Last night, I saw last year’s award-winner, Becky Fury, preview her upcoming Edinburgh Fringe show at Kate Copstick’s Mama Biashara emporium in London.

Becky has been having a run of bad luck.

About a week ago, in the course of one day, she lost both her Edinburgh Fringe venue and her Edinburgh accommodation. And, when I saw her last night, she had just finished a 24-hour ban by Facebook. She remains unbowed, though, and has plans for making money in wrestling.

Everything was settled for her Edinburgh Fringe show Molotov Cocktail Party – including her paying the exorbitant fee to be listed in the Edinburgh Fringe Programme. She was due to perform at the exotically-named Bar Bados Complex which, apparently, is the new name for the Cowgatehead building, a legendarily cursed comedy venue at the Fringe.

Becky’s expensive but now incorrect Edinburgh Fringe listing

But, around a week ago, well after the Fringe Programme was published, the Fire Brigade refused to allow two rooms in the venue to be used for performance and Becky was moved to another new venue in a different location though mercifully at the same time – 10.45pm – 6th-26th August. (EDIT! This changed two days later: See HERE.) The new venue, the Black Market, beside Waverley Station, was still being built when last heard-of.

Simultaneous with her venue loss, she lost her free accommodation in Edinburgh but was able to get some temporary accommodation for the first few days of the Fringe.

It never rains but it pours.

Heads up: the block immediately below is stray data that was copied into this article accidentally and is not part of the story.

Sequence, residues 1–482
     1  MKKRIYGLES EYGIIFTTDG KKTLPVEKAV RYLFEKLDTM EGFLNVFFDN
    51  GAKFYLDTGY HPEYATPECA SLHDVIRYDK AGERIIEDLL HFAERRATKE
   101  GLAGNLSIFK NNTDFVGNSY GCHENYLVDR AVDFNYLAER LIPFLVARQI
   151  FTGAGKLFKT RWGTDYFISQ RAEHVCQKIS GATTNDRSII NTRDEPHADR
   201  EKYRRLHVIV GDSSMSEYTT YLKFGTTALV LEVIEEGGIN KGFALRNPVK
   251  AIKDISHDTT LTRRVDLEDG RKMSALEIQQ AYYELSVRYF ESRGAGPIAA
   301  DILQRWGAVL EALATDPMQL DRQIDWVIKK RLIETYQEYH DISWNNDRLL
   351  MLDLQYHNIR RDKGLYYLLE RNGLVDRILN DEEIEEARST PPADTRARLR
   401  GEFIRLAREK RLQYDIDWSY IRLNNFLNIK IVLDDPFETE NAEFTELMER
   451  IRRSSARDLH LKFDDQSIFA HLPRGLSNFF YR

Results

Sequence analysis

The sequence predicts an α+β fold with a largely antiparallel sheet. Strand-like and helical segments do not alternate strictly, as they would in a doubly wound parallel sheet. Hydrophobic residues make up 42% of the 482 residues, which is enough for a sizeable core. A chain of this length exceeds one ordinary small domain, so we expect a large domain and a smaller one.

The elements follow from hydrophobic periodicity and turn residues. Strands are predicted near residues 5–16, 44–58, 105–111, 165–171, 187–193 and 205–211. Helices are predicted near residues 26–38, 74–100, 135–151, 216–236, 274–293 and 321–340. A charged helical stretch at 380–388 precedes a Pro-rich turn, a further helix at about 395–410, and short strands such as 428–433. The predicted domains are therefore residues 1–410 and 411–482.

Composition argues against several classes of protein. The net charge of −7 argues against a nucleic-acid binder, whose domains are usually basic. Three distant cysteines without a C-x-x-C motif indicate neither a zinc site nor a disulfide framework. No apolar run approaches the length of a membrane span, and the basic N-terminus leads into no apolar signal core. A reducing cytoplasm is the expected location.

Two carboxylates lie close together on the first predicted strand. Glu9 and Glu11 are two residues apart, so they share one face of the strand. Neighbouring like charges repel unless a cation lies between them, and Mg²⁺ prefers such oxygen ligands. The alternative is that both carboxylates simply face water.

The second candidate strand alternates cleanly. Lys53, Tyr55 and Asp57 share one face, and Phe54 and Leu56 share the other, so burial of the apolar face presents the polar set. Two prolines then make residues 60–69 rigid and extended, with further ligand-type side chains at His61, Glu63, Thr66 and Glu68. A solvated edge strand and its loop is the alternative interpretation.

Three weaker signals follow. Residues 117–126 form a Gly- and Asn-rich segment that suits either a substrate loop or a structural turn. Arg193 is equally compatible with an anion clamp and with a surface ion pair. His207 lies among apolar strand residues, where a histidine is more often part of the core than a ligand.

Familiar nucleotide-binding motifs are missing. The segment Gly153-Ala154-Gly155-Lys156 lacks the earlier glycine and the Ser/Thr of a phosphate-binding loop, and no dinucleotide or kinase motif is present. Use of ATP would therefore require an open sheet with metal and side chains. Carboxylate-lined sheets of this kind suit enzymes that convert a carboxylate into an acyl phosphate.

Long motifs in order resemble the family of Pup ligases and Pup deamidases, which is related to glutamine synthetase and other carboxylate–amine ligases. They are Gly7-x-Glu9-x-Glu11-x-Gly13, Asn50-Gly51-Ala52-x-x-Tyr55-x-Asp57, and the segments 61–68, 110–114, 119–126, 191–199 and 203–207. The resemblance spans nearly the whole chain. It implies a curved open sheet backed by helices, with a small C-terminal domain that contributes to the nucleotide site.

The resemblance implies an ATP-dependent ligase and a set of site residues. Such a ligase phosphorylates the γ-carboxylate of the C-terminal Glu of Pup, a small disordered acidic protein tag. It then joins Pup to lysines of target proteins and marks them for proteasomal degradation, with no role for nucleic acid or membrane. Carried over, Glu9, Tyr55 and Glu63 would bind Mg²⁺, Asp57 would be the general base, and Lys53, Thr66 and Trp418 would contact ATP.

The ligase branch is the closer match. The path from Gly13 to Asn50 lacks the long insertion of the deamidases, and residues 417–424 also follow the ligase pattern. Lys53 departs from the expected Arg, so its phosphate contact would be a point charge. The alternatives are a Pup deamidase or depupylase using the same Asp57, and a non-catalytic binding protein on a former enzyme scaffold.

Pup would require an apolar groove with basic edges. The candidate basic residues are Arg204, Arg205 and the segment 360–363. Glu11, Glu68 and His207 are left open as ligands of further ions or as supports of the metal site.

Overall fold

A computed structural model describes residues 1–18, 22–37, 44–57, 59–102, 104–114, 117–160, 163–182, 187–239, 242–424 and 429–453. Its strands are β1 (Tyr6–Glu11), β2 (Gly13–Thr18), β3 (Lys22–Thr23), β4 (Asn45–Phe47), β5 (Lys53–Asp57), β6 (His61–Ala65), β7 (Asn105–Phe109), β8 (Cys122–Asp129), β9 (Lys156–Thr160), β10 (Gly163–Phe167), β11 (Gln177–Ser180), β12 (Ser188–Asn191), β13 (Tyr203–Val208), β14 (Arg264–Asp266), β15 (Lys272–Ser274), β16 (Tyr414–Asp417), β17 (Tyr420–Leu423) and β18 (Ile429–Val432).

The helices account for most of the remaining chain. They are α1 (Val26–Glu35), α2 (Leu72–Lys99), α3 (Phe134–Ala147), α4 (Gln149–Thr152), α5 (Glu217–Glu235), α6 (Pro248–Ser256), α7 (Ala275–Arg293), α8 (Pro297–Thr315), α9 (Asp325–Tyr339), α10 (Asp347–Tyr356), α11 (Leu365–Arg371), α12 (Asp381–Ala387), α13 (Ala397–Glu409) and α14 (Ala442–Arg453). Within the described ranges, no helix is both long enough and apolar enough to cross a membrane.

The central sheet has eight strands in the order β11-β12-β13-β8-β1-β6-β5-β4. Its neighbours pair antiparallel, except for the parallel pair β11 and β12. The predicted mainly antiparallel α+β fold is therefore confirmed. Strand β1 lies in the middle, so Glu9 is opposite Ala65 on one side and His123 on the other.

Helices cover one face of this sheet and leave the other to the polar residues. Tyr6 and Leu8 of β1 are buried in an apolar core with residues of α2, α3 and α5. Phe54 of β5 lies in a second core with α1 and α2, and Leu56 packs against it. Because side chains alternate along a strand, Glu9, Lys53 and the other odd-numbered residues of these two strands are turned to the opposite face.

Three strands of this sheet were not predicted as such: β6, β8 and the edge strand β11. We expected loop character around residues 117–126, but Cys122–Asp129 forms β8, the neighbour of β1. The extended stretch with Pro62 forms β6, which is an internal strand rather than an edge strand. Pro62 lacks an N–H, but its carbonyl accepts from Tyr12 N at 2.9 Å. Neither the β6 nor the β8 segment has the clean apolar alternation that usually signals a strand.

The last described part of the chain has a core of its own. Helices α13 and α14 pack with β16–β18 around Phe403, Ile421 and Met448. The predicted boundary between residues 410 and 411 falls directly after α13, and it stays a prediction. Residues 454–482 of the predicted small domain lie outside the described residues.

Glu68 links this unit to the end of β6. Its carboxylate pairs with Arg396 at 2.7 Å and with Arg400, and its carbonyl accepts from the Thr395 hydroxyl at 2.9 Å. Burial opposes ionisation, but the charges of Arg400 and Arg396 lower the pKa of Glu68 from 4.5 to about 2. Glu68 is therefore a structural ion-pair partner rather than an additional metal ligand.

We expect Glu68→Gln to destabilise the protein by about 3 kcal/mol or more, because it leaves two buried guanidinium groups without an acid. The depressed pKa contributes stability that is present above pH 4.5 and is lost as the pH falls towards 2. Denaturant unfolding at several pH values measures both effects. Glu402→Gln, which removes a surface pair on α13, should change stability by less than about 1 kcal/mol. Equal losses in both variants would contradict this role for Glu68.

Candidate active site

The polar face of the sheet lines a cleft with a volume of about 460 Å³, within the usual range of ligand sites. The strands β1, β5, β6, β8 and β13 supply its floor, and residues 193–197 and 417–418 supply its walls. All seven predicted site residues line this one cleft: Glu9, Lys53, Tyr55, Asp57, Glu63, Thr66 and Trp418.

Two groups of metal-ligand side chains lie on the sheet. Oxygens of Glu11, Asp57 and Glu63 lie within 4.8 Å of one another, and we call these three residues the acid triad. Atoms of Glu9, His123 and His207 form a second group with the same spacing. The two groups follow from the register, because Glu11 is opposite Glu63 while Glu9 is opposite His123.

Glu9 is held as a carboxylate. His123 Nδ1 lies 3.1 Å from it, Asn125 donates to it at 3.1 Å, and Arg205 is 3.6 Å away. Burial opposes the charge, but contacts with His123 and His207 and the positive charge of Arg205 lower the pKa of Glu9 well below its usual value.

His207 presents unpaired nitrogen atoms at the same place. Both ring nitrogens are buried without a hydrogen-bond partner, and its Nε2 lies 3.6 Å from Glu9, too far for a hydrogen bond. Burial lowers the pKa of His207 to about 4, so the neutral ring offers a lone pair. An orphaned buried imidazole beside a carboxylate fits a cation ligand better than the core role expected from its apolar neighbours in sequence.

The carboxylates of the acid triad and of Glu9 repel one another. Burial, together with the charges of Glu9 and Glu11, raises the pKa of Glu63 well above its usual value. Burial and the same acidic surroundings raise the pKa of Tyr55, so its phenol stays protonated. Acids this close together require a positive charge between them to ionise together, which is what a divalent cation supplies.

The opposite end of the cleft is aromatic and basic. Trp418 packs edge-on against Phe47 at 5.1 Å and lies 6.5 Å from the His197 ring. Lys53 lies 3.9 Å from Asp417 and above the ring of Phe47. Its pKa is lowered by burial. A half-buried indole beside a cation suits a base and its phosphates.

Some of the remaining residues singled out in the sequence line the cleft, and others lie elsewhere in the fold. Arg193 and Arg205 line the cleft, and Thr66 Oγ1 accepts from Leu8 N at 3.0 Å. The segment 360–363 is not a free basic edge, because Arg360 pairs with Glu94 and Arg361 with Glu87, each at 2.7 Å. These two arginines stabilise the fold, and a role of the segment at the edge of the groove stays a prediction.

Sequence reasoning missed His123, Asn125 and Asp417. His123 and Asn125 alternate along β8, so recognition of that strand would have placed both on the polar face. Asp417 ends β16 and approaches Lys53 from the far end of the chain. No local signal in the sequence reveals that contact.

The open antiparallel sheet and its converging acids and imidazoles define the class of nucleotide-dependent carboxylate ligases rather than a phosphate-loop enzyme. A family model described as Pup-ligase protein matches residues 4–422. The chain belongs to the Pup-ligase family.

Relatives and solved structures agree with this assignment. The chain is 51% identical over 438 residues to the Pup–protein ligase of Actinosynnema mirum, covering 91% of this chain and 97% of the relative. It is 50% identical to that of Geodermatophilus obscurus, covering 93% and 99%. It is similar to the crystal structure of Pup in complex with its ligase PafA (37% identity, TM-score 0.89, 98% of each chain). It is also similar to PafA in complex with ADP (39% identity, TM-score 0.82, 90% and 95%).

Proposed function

Particularly in Edinburgh.

“And,” I said to her last night, you have just been banned from Facebook for 24 hours. How did you manage that?”

Becky’s temporarily-banned non-cummunity standard Facebook

“Two jokes I wrote,” she explained, “included the word ‘Paki’. So I am on my third warning from Facebook. If I say anything else that ‘does not adhere to Facebook community standards’, the Facebook Thought Police will come, detain me, detonate my profile and ‘disappear’ me.”

“What were the objectionable jokes on your Facebook page?” I asked.

“The first joke was about genuinely meeting a racist at a train station who was talking about the three ‘P’s – Poles, Pakis and Paddies.”

“So,” I checked, “what got you into trouble was the reported speech of another person which happened in a real situation?”

“Yes. The joke was that I said I agreed with ‘no platforming’ so I pushed him off the platform under a train. That was the joke.”

“So,” I checked again, “Facebook had no objection to you saying you pushed a man under a train but they did object to the fact that, in objecting to his racism, you quoted him using the word ‘Paki’?”